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Sarah Clarke at Hardwicke Chambers looks at the new UNCITRAL Model Law on the Recognition and Enforcement of Insolvency Related Judgments and its potential impact on Re Gibbs and Ruben v Eurofinance, if it was adopted by the UK.
The UNCITRAL Model Law on the Recognition and Enforcement of Insolvency Related Judgments (the New Model Law) is intended to fill the gaps that currently exist in cross border conventions as they apply to the recognition and enforcement of judgments in insolvency proceedings.
In the UK, following the decision in Ruben v Eurofinance SA  UKSC 46, the Model Law on Insolvency is regarded as dealing with procedural matters, and does not extend to the recognition and enforcement of foreign judgments. It now is clear from the Guide to Enactment which accompanies the New Model Law, that UNCITRAL did not intend the Model Law on Insolvency to be so limited. In Article X to the New Model Law, UNCITRAL propose an additional provision to clarify that the relief available under Article 21 of the Model Law on Insolvency does include the recognition and enforcement of a judgment in order to reverse the effect of Ruben and judgments with similar effect in other states. As the UK has not yet taken legislative steps to adopt this proposed amendment, Ruben continues to be authority for the meaning and effect of the CBIR.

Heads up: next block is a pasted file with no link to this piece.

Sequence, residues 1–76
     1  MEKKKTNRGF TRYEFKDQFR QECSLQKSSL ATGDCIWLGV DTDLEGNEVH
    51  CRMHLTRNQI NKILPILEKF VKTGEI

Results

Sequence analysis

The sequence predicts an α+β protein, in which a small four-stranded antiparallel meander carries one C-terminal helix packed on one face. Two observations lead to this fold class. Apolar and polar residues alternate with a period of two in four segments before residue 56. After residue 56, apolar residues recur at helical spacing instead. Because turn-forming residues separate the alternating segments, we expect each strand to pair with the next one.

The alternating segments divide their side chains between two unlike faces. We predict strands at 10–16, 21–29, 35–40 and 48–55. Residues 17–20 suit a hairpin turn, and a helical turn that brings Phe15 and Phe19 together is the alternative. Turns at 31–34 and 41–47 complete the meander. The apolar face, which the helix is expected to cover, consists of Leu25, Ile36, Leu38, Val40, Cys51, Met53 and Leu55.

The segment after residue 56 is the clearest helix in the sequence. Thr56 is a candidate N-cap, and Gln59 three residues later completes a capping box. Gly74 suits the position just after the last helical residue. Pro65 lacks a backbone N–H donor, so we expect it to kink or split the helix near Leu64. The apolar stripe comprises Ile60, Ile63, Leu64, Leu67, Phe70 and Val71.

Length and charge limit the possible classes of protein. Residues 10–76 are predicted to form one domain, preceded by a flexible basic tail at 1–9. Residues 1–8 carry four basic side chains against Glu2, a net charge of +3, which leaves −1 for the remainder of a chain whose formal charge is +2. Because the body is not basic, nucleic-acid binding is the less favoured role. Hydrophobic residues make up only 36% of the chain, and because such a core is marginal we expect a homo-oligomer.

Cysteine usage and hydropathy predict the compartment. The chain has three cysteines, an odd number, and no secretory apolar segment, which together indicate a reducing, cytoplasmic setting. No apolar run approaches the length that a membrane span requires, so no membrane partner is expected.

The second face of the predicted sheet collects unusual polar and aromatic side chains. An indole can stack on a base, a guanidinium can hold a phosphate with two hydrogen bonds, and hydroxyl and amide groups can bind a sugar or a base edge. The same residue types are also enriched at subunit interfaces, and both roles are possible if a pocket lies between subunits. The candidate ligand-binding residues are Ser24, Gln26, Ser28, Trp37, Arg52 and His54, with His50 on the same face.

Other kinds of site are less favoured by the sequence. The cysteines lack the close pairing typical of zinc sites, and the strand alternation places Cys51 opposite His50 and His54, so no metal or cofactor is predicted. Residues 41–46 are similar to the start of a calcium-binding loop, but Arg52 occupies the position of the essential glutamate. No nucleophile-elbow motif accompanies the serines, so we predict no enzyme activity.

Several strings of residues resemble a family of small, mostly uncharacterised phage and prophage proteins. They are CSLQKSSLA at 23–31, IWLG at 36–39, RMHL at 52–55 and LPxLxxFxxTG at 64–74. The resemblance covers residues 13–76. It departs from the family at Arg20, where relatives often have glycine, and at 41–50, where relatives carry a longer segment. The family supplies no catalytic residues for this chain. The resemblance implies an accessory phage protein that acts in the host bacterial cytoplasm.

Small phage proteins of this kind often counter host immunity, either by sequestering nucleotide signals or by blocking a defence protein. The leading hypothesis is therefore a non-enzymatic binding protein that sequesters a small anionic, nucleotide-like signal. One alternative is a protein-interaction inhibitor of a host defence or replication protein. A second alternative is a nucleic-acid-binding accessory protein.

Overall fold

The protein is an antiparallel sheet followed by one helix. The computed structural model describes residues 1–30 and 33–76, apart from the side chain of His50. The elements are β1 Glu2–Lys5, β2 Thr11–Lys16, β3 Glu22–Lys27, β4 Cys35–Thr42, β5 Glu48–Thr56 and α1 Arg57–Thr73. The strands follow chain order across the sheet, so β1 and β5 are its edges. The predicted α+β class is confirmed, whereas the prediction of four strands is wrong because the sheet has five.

The New Model Law was approved by UNCITRAL on 2 July 2018 and endorsed by resolution of the General Assembly of the UN on 20 December 2018.
(i) explicit consent to jurisdiction by party
(ii) participation in proceedings by the party
(iii) the foreign originating court exercised jurisdiction on a basis upon which receiving court could have exercised jurisdiction; or
(iv) the originating court exercised jurisdiction on basis not incompatible with law of this state (see New Model Law, Article 14(g))
Supporters of the rule may therefore take comfort that the adoption of the New Model Law would not inevitably require the UK to say goodbye to Gibbs.
The views expressed by our Legal Analysis interviewees are not necessarily those of the proprietor.
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